The present paper aims to inform the bioethical debate on the regulation of human genome editing technologies with a specific focus on the role of scientific experts and their interactions with the general public in the formulation of policy. It reviews and compares two of the major contributions to this debate in the U.K. and in the U.S.A., comparing expert approaches towards regulation on genome editing technologies. The results of this analysis offer important lessons that should be appreciated in building an international regulatory framework. On the basis of these results, I conclude that the experts should embrace a socially responsible approach and encourage active public engagement.
The rapid emergence of new genome editing technologies, such as CRISPR/Cas9 and their potential human applications, has presented society and scientific experts with two pressing challenges: the first is the ethical question regarding the moral acceptability of such interventions , and the second is the political discussion surrounding who should regulate this emerging biotechnology, and in what manner .
However, while there is persistent disagreement surrounding the moral status of genome editing's applications (especially in the case of uses other than treating or preventing serious conditions), some progress has been made concerning policy recommendations and practice .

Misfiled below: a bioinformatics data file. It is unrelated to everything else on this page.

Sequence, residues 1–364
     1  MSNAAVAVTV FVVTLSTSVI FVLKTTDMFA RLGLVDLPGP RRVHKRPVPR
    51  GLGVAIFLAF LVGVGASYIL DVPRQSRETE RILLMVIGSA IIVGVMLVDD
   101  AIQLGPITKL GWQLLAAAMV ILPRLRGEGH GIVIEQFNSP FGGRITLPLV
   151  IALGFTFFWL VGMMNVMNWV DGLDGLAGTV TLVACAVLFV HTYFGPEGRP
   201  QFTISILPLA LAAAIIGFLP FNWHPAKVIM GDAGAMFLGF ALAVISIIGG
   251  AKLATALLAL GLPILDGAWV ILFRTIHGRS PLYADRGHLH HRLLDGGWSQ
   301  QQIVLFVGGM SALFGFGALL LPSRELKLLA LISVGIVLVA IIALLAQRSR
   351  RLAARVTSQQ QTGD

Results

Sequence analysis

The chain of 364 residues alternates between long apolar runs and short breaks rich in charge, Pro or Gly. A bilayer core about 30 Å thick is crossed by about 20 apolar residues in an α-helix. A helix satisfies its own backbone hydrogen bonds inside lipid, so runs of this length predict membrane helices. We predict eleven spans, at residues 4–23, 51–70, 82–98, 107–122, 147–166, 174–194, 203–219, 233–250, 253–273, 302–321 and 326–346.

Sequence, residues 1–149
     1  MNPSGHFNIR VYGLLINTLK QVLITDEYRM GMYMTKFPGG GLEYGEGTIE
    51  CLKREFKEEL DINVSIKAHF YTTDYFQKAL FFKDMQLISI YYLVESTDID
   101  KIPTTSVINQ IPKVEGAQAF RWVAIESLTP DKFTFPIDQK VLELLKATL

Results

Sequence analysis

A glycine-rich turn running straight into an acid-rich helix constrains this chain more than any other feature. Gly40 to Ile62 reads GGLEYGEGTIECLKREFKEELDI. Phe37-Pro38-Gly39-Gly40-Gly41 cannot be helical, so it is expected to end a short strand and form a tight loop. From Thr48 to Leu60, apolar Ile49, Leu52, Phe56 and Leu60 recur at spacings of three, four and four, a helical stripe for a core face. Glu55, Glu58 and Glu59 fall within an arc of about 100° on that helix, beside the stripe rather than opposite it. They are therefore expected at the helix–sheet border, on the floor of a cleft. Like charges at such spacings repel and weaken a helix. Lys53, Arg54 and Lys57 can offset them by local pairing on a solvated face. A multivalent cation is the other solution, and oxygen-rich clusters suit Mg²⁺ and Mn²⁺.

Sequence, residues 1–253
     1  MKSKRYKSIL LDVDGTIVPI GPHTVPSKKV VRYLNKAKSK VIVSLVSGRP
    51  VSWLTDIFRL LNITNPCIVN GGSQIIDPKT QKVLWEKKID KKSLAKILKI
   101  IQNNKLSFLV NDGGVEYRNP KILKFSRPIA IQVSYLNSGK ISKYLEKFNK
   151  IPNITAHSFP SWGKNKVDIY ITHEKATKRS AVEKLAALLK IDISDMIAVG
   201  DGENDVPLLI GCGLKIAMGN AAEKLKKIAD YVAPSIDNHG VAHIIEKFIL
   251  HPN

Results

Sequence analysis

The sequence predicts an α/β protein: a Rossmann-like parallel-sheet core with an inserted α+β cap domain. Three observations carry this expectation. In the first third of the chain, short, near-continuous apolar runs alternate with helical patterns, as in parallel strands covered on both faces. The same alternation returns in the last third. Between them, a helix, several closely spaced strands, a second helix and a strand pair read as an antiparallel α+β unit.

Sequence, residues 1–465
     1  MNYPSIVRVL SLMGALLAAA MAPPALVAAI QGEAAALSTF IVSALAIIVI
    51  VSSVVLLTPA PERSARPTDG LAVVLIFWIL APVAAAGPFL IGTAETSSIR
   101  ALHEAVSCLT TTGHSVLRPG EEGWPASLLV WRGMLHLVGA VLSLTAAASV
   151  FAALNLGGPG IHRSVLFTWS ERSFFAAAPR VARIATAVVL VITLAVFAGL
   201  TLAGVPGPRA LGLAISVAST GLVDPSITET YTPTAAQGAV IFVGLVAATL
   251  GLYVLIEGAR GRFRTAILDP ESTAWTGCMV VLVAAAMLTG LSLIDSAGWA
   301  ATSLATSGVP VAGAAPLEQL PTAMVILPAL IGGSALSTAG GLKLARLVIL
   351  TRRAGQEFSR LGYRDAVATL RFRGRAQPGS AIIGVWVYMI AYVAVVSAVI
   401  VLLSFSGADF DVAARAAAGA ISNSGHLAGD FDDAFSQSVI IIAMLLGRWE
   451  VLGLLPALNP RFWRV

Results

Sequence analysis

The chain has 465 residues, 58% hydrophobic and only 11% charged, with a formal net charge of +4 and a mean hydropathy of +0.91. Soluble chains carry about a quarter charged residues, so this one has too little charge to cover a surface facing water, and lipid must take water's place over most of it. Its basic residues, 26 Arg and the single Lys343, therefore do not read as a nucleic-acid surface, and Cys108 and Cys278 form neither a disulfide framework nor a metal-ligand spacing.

In this paper, I will review and compare two of the major international contributions to the regulation debate: the report of the UK Nuffield Council on Bioethics released in 2018, Genome Editing and Human Reproduction: Social and Ethical Issues , and the report of the US National Academies of Science and of Medicine (NAS/NAM) released in 2016, Human Genome Editing: Science, Ethics, and Governance .
The results of this comparative study contribute to the regulation debate in two main ways. First, understanding the strengths and weaknesses of the experts’ recommendations at a national level establishes foundations for a more international and interdisciplinary consideration of the diversity of views on the global stage. This is particularly important since the institution of an international forum of discussion has recently been demanded by some scholars [6,7].
Second, a better definition of the respective roles and influence of experts, the public and stakeholders is required. This relates to a wider debate concerning the regulation of science in democratic societies, which has paved the way for a more consultative and socially engaged approach to the governance of genetic technologies .
In this paper, I will compare the British and American reports on three different levels: their statements of task, the founding principles underlying their analysis, and their consequent recommendations. This approach enables a comparison of the expectations and results of each report, and the identification of common threads between them.
Statements of task
A ‘statement of task’ is the manner in which a report explains how it has framed the challenge of drawing guidelines for human genome editing regulation, and what kind of questions it aims to address with its contribution. In what follows I will suggest that the ways of grounding the two inquiries differ, since the U.K. report, at least in its declaration of intents, seems to be more committed to the ethical and moral context of the emerging biotechnology, whereas the U.S. report presents a more technical approach, apparently divorced from its moral context.